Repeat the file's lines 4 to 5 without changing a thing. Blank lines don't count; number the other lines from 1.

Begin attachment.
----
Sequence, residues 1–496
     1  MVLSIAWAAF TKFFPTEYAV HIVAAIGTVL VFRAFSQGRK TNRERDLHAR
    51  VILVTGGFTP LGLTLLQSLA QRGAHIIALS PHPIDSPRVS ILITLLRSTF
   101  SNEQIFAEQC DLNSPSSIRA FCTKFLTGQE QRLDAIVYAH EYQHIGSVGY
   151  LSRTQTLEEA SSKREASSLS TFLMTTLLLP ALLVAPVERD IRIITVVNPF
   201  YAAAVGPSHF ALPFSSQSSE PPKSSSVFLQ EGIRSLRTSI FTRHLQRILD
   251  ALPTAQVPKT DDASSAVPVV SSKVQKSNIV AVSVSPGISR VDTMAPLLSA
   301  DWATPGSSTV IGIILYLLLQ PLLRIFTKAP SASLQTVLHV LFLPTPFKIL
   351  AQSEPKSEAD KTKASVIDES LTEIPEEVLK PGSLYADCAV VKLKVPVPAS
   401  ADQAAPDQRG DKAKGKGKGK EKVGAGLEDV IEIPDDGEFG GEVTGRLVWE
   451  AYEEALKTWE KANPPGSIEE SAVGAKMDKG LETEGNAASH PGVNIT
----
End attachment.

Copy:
   101  SNEQIFAEQC DLNSPSSIRA FCTKFLTGQE QRLDAIVYAH EYQHIGSVGY
   151  LSRTQTLEEA SSKREASSLS TFLMTTLLLP ALLVAPVERD IRIITVVNPF